I don’t know about you but I thoroughly enjoy attending conferences. I love seeing my colleagues, learning new things, and collaborating on new ideas over a meal. I recently attended two conferences—the Annual Conference on Financial Education (ACFE) in Denver, Colorado and the National College & University Bursars SFS Conference in San Antonio, Texas which included a financial wellness component. The insight I gained from attending these conferences was exceptional. This blog shares what I learned in the hopes of providing food-for-thought as you prepare to attend your next conference.
- The Changing Landscape of Student Loans
- An Update on the State of Financial Capability Research
- Using Motivational Psychology to Influence Money Behaviors
Jewels of Wisdom
What I really enjoyed was not only the variety of topics covered by these two conferences, but hearing the creative ways that schools were reaching out to help students make better, well-informed decisions about financial matters. An interesting statistic from ACFE was the fact that baby boomers have student loan debt that is impacting their retirement plans. Spurred by a presentation, I read this recent article, Student Loan Debt Hinders Retirement Plans for Baby Boomers where it identifies that “over half of 54-60 year olds say college debt is preventing them from meeting financial goals, including retirement."
Another take-away was that emotions influence people’s behavior with money. Well, that’s not much of a surprise, right? I think we’ve all probably done some impulse buying based on an emotion we were experiencing at the time. Some people use “retail therapy” to help them feel better when they’re down and others feel the desire to splurge when they’re super happy. Emotional spending is “using money you haven’t earned to buy things you don’t need to impress people you don’t like." But did you know, according to the Federal Reserve Board, about 40% of Americans cannot cover a $400 emergency expense? Last May, the Federal Reserve published a Report on the Economic Well-being of U.S. Households in 2017 that indicated many households are struggling.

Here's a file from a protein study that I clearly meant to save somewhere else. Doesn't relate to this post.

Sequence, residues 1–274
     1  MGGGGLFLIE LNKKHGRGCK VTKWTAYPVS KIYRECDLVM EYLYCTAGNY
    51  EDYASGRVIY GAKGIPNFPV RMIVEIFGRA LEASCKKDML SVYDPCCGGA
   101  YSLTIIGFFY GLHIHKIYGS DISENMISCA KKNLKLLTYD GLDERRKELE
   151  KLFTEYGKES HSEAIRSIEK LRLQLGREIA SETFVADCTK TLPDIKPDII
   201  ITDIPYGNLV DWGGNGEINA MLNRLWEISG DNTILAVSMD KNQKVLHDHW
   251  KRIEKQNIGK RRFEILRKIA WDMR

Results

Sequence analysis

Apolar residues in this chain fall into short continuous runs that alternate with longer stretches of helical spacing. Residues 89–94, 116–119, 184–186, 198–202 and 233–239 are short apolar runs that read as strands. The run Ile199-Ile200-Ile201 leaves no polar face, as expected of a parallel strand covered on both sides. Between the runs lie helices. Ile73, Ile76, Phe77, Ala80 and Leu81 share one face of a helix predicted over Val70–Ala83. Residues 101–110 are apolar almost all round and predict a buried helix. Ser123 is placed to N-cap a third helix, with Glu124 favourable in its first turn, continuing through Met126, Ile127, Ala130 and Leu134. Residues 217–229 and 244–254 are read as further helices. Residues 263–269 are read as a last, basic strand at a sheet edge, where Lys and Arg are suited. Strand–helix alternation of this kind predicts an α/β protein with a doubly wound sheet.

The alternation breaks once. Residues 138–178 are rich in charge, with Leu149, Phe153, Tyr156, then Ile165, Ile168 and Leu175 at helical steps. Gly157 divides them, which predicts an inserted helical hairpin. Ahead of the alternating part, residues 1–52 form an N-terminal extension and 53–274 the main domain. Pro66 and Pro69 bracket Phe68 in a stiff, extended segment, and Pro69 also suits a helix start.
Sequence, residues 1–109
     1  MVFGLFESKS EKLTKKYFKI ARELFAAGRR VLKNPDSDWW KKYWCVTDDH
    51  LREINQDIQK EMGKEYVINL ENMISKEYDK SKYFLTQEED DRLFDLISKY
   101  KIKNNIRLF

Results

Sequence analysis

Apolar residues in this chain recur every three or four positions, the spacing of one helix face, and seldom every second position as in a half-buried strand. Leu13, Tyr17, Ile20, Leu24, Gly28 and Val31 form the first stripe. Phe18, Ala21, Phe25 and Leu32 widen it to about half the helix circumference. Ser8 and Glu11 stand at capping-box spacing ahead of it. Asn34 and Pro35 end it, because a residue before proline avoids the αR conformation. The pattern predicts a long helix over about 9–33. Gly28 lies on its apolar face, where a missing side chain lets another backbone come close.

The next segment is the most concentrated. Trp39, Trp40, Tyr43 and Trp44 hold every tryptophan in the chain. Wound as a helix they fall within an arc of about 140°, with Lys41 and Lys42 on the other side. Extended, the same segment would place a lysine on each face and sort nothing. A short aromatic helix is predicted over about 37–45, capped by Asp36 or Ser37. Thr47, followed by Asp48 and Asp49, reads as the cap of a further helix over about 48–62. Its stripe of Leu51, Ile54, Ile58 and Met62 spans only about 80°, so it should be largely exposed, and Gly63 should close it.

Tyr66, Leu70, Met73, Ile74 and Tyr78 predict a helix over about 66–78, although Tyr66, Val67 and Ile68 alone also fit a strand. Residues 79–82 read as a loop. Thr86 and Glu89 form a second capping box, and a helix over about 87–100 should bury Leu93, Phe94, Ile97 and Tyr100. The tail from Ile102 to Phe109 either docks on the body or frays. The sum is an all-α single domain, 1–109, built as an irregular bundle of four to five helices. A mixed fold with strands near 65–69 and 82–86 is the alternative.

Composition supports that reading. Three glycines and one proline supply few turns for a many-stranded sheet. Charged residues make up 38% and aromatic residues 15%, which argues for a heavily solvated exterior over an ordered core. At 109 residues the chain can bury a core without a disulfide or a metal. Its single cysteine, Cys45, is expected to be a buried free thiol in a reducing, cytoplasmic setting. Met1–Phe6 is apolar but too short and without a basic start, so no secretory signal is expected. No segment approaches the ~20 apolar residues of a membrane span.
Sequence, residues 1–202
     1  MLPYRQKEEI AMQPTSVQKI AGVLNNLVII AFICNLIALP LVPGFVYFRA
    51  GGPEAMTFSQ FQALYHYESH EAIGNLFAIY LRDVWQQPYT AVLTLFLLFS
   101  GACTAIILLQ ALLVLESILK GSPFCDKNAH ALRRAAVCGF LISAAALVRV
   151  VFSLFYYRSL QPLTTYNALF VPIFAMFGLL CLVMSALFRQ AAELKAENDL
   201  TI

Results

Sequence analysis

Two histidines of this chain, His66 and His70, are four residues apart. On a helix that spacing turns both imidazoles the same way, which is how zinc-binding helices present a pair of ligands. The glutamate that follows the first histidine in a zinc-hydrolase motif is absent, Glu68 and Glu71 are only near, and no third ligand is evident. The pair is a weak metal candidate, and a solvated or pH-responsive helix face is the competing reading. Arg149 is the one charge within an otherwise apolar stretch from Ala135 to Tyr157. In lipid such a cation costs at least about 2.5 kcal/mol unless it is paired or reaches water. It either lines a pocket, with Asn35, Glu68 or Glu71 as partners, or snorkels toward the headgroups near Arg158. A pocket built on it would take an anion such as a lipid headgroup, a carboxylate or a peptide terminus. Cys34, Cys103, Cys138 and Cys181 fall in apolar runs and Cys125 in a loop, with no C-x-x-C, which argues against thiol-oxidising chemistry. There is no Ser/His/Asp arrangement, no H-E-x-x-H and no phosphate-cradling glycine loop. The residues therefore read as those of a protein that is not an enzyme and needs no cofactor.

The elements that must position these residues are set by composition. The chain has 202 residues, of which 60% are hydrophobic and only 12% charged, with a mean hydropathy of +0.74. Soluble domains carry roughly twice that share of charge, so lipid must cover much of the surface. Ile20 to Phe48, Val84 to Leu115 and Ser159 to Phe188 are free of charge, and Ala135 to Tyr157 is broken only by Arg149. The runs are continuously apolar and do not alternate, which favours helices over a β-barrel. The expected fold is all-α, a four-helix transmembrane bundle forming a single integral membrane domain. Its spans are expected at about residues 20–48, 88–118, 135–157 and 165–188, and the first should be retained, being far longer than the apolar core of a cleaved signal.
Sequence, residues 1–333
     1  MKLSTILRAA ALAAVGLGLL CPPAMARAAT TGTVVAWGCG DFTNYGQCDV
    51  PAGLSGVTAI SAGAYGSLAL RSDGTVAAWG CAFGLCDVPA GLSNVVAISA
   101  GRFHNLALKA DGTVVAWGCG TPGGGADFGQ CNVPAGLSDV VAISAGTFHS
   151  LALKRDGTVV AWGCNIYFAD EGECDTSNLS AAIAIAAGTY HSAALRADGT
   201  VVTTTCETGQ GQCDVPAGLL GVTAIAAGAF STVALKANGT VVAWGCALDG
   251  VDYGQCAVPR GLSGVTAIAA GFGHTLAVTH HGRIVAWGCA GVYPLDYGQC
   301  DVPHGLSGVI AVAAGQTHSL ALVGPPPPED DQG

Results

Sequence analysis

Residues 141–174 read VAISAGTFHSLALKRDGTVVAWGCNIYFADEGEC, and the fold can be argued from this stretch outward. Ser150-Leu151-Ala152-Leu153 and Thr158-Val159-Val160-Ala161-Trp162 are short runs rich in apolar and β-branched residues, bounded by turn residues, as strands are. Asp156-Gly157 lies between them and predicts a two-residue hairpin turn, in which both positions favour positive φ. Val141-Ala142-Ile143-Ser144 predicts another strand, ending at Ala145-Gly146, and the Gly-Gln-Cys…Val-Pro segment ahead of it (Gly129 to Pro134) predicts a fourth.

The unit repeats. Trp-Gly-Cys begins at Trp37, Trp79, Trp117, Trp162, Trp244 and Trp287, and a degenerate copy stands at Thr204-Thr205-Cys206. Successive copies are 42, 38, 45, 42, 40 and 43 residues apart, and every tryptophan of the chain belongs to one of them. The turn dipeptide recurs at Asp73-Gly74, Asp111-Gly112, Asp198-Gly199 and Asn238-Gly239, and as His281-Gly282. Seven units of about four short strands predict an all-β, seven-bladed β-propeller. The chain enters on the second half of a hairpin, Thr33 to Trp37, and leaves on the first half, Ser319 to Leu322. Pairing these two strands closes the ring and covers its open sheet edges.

Beginning with the Basics
If the family is struggling financially, how are they going to fit the cost of college into their budget? How many households have a budget—or teach budgeting skills to their children? I once heard someone say, “We don’t wait until a child is in high school or college to teach them how to read. So it makes zero sense to wait until then to teach them money management skills because one cannot get through life without both”. When I was growing up, my dad sat me down at the dinner table and taught me how to balance a checkbook. I don’t know how many families are doing that today but if parents don’t understand the basics, they’re unable to teach their children.
Putting Ideas into Action
At the Bursars Conference I attended in Texas, they included a financial wellness track which was heavily attended. One that really stood out was the higher education financial wellness panel with Phil Shuman, Indiana University; Nick Kilmer, Texas A&M; and, Katherine Beaumont Doss, Palo Alto Community College. They shared the numerous ways they’re reaching out to better educate their students, the impact of emergency grant programs and the impact of debt letters coupled with financial education.
Nick Kilmer of Texas A & M University also did a session entitled, “ROI for ME (Money Education)”. Nick explained that the school uses a variety of events, including financial advising, collaboration with faculty, and courses to reach their students. Nick shared how the school identified a return on investment for their Money Education Center. He explained that while Texas A&M saw the program as an investment in their students the school also received benefits. In helping students to:
- Limit the net cost of attending college — Texas A&M maximized the ROI on a Texas A&M degree
- Navigate unexpected financial barriers — Texas A&M improved student retention and graduation rates
- Minimize student loan debt—Texas A&M average indebtedness was reduced
- Prepare for a lifetime of financial decisions—Texas A&M will graduate financially successful students who can manage repayment
I asked Nick what was the number one lesson he learned from creating this center and he responded, “the number one lesson I’ve learned from creating this center is that it utterly confirmed student and parent interest and support for financial education on college campuses. They are sincerely excited about the critical and practical learning opportunities it affords them as they get closer to graduation, and to the real world financial decisions and worries that entails.”
Attending sessions is just one fabulous facet of attending a conference. Connecting with colleagues, sharing ideas, and learning how others overcome obstacles to help their students are intangible values. To get the most from your experience, you must be actively engaged and participate. That means perhaps presenting an interesting session, sitting with people you don’t know at meal functions, asking questions during sessions, and even interacting with vendors to explore business solutions they offer.
Make the most of it! Conferences are a great opportunity for professional and personal growth.
Don’t hesitate to reach out!
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